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Step up in Basis

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Level 1

I have a client who's spouse died in 2017.  He now tells me he did not take a step up in basis on his depreciation.  Do I have to amend his returns to take the step up in basis for his rental (which was community property)?  It is my understanding that I  can update the depreciation on his next tax return and not worry about amending.  He is planning on

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Level 12

You "have to" tell your client that amending will save him taxes and give him an estimate of how much tax it would save him, as well as an estimate of how much your fees will be to amend.

After that, it is the client's choice whether or not to amend.  With a full step-up, it is likely that amending will save the client more tax than what you would charge for your fees, so the client will want to amend.

Level 11

@TaxGuyBill  With a full step-up, it is likely that amending will save the client more tax than what you would charge for your fees, so the client will want to amend.

Sheer conjecture.  Let's say it's a $20,000 step-up.  (I know, it could be $2,000 or $200,000, but we don't know.)  So over a year and a half (I'm assuming she died in mid-2017) it's about $1,000 more depreciation.  In a 22% tax bracket, that's a $220 difference.  Maybe a small amount of state tax, also.  You do amended returns for less than $100 a year?  I'll send you some clients.  

On the other hand, maybe the AGI is over $150K and we're just adjusting the carryover losses.  Does that require amended returns, I wonder?

The real advantage here is to reset the accumulated depreciation.  

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Level 12

Of course it is pure conjuncture.  But:

  • Statistically, most likely the step-up in significantly more than $20,000, which means significantly more tax savings.  Which is why I said it is "likely" that amending would save money.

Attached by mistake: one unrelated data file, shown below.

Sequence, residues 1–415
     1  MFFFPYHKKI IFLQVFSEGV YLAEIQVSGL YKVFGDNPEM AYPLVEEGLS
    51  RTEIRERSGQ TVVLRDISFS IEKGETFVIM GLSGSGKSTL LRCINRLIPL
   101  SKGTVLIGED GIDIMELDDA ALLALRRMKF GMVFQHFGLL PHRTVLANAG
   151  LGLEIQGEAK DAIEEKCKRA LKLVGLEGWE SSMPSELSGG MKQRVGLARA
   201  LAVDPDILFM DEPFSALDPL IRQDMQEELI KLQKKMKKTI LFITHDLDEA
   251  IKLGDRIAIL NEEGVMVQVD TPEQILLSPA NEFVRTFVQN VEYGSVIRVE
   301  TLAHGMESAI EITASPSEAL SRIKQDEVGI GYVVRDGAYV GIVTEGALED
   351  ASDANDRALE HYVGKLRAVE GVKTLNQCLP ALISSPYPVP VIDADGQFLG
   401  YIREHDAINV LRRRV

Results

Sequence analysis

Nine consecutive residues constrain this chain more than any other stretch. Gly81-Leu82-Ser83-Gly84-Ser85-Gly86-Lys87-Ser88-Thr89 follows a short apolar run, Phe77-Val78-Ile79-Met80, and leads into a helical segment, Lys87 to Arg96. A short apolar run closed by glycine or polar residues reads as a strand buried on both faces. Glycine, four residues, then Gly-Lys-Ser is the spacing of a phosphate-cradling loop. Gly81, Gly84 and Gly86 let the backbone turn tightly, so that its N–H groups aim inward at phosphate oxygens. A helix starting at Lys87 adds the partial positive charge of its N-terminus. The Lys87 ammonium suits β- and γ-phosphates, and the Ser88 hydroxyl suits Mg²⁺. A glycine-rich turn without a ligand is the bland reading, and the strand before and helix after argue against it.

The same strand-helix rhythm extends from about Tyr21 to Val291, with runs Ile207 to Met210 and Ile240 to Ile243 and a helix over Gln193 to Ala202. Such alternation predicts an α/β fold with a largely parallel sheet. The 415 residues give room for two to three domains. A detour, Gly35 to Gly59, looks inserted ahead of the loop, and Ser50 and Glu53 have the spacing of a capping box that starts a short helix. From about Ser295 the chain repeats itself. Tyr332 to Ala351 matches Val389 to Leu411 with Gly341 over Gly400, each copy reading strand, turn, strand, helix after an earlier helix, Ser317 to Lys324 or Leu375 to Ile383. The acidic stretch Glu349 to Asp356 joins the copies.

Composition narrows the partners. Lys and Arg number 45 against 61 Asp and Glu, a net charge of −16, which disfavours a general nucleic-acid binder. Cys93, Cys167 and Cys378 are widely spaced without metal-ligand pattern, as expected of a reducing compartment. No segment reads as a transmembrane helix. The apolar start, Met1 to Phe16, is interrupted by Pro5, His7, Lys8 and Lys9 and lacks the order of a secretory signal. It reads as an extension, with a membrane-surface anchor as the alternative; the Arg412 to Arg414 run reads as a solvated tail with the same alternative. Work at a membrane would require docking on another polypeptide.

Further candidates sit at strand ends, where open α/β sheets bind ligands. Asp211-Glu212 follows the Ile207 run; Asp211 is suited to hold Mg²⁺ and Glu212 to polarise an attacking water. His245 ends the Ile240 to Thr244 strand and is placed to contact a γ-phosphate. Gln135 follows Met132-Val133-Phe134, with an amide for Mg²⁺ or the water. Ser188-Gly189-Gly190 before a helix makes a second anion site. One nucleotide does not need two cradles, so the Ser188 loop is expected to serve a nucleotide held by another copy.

• "Small amount of State tax"?  In my State that could be 7.85%.  Not exactly small in my opinion.
  • Just because the full-year returns would be amended, does not mean it would pay to amend the partial year return.  You don't need to do the partial year if it isn't worth it.
  • The OP said the client "now" told him no step-up was taken, which I infer means the OP prepared one or more of the tax returns.  In which case, YES, my fee to amend a return that I already prepared would be fairly low.  The time it takes to change TWO numbers in the software (basis and land) and to print the returns for mailing is minimal.
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Level 11

@TaxGuyBill 

Of course it is pure conjuncture conjecture .  But:

  • Statistically, where are you finding statistics on the value of rental properties owned by decedents?  most likely the step-up in significantly more than $20,000, which means significantly more tax savings.  Which is why I said it is "likely" that amending would save money.
  • "Small amount of State tax"?  In my State that could be 7.85%.  Not exactly small in my opinion.  Statistically, it could be zero in Washington or Texas.
  • Just because the full-year returns there's only one full-year return involved -- 2018  would be amended, does not mean it would pay to amend the partial year return.  You don't need to do the partial year if it isn't worth it.
  • The OP said the client "now" told him no step-up was taken, which I infer means the OP prepared one or more of the tax returns.  I infer that someone else did those returns, because the OP  should have at least known that the wife died, and apparently knows that involves a step-up in basis.  In which case, YES, my fee to amend a return that I already prepared would be fairly low.  The time it takes to change TWO numbers in the software (basis and land) and to print the returns for mailing is minimal.
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Level 12

@EL wrote:

It is my understanding that I  can update the depreciation on his next tax return and not worry about amending.  


You can update that year's depreciation to be correct, but you can't fix the prior years unless you amend.

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Level 15

AND, your client will be dinged for that missed depreciation whether he amends or not.

Research "allowed or allowable" for the details.

Former Chump... umm.... AllStar.
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